Czech PM, NATO Back New Missile Defense

Czech President Vaclav Klaus, right, receives U.S. Vice-President Joe Biden, left, in Prague, Oct. 23, 2009.
AP Photo
The Obama administration gained more support for its revised missile defense plan, winning the approval of the Czech prime minister and NATO's top official.

Jan Fischer said his country is "ready to participate" in the new plan, which focuses on short- and medium-range interceptors after meeting with U.S. Vice President Joe Biden Friday.

Last month, the Obama administration to base a missile defense shield in Eastern Europe designed to shoot down long-range missiles that might be fired from Iran or other nations.

Biden said Washington would send a team of experts to Prague next month for discussions.

The vice president has been touring Central Europe this week in an attempt to shore up broad support for the reworked missile defense plan and reassure critics that Washington remains committed to guaranteeing the country's security.

The decision has sparked fears in formerly communist Eastern Europe that Washington was sacrificing its interests in order to improve ties with Russia.

On Wednesday, Poland on to the revamped U.S. missile shield.

But in the Czech Republic, biting comments from former but still influential political figures tainted the atmosphere ahead of Biden's arrival.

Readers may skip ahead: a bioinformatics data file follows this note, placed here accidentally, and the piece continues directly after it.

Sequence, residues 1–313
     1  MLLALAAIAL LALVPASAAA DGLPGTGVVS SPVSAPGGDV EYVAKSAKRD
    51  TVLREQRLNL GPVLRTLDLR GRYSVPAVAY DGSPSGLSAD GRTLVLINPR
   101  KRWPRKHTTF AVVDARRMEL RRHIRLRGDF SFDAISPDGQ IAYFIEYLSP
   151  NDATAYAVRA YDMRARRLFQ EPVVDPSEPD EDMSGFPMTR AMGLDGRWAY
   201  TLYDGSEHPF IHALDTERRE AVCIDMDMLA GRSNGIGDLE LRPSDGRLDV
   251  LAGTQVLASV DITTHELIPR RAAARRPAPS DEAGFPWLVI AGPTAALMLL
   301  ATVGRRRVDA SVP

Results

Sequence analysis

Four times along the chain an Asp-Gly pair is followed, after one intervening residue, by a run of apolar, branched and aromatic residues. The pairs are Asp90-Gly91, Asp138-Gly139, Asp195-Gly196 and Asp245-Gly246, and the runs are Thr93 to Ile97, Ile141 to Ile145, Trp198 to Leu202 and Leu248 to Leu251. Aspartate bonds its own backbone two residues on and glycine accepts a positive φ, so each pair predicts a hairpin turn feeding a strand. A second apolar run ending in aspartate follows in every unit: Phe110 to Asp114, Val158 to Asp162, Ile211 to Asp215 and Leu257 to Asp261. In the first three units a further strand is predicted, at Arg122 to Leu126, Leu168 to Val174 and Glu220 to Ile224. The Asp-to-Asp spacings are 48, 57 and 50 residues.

Biden "should clearly explain the reasons that led the Obama administration to its decision not to build a radar in the Czech Republic," Former Prime Minister Mirek Topolanek said in a statement prior to the vice president's arrival..

Topolanek, whose government signed treaties with the Bush administration to build the radar system and took a lot of heat from a majority of Czechs who opposed the plan, said the Obama administration's moves toward Russia raise questions about "whether the United States is stepping back from the region of Central and Eastern Europe in exchange for better relations with Russia."

Former Czech President Vaclav Havel told the U.S.-funded Radio Free Europe/Radio Liberty that he expected Biden to "make it clear that America is interested in us, that someone else has not pushed us out of America's field of vision."

Analysts, meanwhile, said it was unlikely Biden would leave with a clear commitment from Prague, since the country's weak caretaker government lacks a mandate to move forward on any strategic defense issues, including missile defense deals. A new government will be formed only after general elections in May.

The country has been in political limbo since Topolanek's government lost a parliamentary no-confidence vote in March, just before President Barack Obama visited Prague.

"This government could hardly negotiate anything concrete," said Pavel Prikryl, an analyst at Prague's Association for International Affairs.

Meanwhile, NATO's top official said the alliance welcomes the revamped missile defense plans in Europe and hopes to bring it fully into NATO.

NATO Secretary-General Anders Fogh Rasmussen said the system President Barack Obama envisions, which is meant to defend the West against future threats from countries like Iran, would provide Europeans and Americans with protection against a "real threat."

He spoke to reporters Friday after U.S. Secretary Robert Gates briefed NATO defense ministers on Mr. Obama's plan to reconfigure the Bush-era missile defense system.

Fogh Rasmussen said NATO will work with the U.S. to incorporate the system fully into NATO.